ZPacks Waterproof Breathable Cuben Fiber Rain Jacket

Author wearing the ZPacks Waterproof Breathable Cuben Fiber Rain Jacket in the Redwoods of Northern California. Photo credit: Brian Doyle

Greetings hikers,

Today I want to share with everybody my thoughts of the ZPacks Waterproof Breathable Cuben Fiber Rain Jacket, which at this time is the worlds lightest three layer rain jacket and produced exclusively by ZPacks LLC.

This is a 127 gram rain jacket made of waterproof breathable cuben fiber, which has a fitted hood, full length waterproof front zipper, elastic adjustments on the waist, wrists and hood, is fully tape bonded, and compresses down into a small size stuff sack.


Follow-Up Articles About This Jacket:

ZPacks Rain Jacket – 2013 review (using the new 2013 fabric)

ZPacks Waterproof Breathable Cuben Fiber / eVENT Rain Jacket – This is a very important article to read that talks about the latest generation of the ZPacks rain jacket!

ZPacks Waterproof Breathable Cuben Fiber Rain Jacket, 1 Year Update

ZPacks Waterproof Breathable Cuben Fiber Rain Jacket, 2 Month Update


Jacket Performance:

The ZPacks website states that the jacket is “breathable enough to sleep” and I will admit I put them to the test on that. I have spent many nights inside of my sleeping bag sleeping with the jacket on. I wake up like I usually do, without a single bit of feeling hot or clammy. The material has a rather soft silky/waxy feeling to it that I really enjoyed wearing. The first time I fully expected I would wake up part of the way through the night all soaking wet, but this material actually did its job at breathing while wearing it and sleeping. I have owned just about every sub ten-ounce rain jacket that exists and I was not expecting anything better from this one than every other one that I have owned. Let me just declare herein that every single other rain jacket I own is now going to be (and has been) sold, and the ZPacks Waterproof Breathable Cuben Fiber Rain Jacket is the only rain jacket I that makes it into my backpack.

The purchase of the ZPacks Waterproof Breathable Cuben Fiber Rain Jacket was not an easy one. It might seem like an expensive piece of clothing (as most top end clothing it) and it uses a material that few have been able to really put to the test to see if its claimings actually works. I can now say without a doubt that this material has proven itself to me (postscript: even after a year of using it.)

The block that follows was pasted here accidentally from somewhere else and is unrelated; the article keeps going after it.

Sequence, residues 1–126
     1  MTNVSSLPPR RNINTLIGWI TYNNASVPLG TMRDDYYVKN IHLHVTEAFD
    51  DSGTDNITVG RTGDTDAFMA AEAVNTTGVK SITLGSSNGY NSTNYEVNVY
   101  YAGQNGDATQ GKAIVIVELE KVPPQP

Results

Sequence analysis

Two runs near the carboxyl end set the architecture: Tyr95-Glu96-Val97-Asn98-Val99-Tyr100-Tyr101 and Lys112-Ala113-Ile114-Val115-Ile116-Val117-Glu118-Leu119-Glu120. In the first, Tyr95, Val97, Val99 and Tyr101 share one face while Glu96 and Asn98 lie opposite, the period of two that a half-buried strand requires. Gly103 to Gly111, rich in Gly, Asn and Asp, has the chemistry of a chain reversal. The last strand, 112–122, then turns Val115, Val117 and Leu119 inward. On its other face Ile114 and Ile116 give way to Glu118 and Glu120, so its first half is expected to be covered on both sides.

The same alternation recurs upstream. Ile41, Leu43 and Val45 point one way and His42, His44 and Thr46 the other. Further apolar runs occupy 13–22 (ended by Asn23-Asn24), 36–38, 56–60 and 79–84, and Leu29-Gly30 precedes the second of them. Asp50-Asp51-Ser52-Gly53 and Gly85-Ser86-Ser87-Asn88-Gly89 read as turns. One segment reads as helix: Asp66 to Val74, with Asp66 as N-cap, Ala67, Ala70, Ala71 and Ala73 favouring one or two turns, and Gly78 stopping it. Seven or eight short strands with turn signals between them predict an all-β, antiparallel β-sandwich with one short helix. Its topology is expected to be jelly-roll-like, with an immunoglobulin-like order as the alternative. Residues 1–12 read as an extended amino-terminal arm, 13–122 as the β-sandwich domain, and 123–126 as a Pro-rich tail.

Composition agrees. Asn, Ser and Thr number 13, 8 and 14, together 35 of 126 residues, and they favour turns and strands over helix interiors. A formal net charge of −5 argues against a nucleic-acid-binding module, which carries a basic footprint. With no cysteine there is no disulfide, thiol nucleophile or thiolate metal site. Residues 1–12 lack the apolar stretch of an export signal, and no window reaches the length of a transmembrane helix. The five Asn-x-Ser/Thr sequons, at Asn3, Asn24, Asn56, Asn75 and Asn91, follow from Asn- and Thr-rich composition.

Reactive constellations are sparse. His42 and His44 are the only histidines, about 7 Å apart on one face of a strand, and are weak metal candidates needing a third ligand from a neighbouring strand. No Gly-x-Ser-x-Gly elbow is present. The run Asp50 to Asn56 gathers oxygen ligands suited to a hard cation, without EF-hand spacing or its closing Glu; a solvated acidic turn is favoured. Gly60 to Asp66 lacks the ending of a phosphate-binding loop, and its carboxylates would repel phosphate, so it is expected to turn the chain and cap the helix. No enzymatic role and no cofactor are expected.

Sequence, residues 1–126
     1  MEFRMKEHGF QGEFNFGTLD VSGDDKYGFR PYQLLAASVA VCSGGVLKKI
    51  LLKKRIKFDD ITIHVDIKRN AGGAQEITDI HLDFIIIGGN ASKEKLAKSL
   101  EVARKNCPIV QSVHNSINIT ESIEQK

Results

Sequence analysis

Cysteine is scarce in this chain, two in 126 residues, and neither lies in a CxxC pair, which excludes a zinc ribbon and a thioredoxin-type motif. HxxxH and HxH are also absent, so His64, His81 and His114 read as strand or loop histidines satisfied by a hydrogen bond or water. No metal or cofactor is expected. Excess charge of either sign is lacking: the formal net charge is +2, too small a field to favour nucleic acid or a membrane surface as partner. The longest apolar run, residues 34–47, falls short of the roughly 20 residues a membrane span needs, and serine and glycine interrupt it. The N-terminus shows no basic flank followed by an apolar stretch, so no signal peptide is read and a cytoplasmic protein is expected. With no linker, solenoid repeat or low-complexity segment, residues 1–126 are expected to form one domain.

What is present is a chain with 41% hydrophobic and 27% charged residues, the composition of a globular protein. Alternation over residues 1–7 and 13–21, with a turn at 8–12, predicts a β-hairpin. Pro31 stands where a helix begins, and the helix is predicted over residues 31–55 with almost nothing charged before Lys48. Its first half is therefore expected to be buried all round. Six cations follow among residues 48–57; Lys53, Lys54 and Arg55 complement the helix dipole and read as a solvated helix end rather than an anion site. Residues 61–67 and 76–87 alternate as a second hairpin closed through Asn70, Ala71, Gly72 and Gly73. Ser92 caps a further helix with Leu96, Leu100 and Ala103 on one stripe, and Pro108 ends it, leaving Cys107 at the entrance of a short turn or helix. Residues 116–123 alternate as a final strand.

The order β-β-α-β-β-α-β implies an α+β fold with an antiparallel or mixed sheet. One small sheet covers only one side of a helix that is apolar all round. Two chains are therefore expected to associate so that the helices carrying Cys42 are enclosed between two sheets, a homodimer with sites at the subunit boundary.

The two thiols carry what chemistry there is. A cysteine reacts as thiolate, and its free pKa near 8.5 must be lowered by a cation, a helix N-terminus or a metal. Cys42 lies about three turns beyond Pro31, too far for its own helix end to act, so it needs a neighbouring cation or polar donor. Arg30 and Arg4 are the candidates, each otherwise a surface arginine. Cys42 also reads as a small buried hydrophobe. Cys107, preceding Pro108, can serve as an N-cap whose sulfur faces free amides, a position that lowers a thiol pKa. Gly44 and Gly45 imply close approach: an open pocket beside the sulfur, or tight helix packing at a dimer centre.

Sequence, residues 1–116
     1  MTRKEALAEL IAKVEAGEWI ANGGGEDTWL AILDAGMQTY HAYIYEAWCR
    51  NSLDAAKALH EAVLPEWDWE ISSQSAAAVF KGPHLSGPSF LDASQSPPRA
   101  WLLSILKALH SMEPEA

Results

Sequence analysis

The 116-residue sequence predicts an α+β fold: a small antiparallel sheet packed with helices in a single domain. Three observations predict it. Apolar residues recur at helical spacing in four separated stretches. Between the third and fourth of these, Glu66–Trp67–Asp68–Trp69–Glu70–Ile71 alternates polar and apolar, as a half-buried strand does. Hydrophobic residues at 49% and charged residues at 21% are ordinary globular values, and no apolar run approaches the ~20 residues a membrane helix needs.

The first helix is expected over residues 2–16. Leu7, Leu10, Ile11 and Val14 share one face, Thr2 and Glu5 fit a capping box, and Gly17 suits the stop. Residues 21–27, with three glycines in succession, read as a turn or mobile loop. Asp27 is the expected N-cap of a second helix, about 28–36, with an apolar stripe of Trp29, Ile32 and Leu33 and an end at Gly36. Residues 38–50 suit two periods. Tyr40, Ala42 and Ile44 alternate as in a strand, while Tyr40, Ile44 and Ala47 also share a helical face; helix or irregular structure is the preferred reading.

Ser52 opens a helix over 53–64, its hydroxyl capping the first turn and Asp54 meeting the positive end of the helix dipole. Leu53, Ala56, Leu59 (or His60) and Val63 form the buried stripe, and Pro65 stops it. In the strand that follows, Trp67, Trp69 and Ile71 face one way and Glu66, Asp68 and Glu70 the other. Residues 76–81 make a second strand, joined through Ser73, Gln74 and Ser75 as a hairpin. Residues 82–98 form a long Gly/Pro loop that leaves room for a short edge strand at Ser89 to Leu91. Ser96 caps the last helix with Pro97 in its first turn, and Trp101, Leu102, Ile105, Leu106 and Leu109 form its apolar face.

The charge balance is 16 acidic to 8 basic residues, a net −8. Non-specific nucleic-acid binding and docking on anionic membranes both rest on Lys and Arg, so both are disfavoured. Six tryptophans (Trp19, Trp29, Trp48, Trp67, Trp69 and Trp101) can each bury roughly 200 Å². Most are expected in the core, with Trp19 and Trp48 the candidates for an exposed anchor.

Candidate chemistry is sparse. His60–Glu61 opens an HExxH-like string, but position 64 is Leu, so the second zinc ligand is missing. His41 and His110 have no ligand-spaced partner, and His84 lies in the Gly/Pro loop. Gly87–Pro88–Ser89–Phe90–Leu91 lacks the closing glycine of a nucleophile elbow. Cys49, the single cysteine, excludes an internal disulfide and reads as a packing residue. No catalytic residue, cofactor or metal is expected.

The ZPacks Waterproof Breathable Cuben Fiber Rain Jacket has shown in the June 2013 TGO magazine.
The ZPacks Waterproof Breathable Cuben Fiber Rain Jacket has shown in the June 2013 TGO magazine.

Jacket Weight:

The total weight on mine, size large, with extra long arms, is: 135 grams (4.76 oz). The previous rain jacket I have been using is the ZPacks Cuben Fiber Rain Jacket (non waterproof breathable version) and it hits the scale at 82 (2.89 ounces) in size large and with the lighter weight material. So that means that this new WB/P CF rain is 53 grams (1.86 ounces) heavier. As somebody who spends a whole lot of money trying to find ways to loose half-an-ounce here and a gram-there, adding 53 grams to my SUL/XUL pack weight might not be something that will make me smile. However – let me say that again… however – there are times when we must realize as SUL/XUL hikers that a few extra grams for the ability to have a piece of gear that can perform above and beyond is something we need to be giving serious consideration too.

For those of you in the UL world 53 grams is not a whole lot of difference, so for you it really only comes down to the price-tag.

For those of us in the SUL/XUL world, here are my thoughts on the addition of 53 grams to my base pack weight – yet in the end I actually am able to reduce 12 grams from my base pack weight!

As I see it this jacket has the ability to perform four duties:

  1. First, it has the ability to be the finest rain jacket I have ever put on.
  2. Second, it has the ability to be an additional layer of clothing for when it gets cold at night, put it on over a puffy jacket and it can help trap a bit of heat – I do not yet know how much of a difference it will make, it is breathable after all.
  3. Third, it can be used as a quasi-beak on your tarp if you find that rain starts coming in at an angle – it is waterproof after all, and is wide enough to cover just about any solo tarp end that is in winter mode.
  4. Fourth, because of the fact that it breathes so well I have the option to no longer take a wind jacket – so that right there saves me 65 grams (2.29 ounces) which in the end means I will be saving 12 grams (0.42 ounces) off my total pack weight (65 for Tachyon + 82 for previous rain jacket =  147, than minus 135 for this jacket, results in a savings of 12 grams – thanks to jp for the correction.)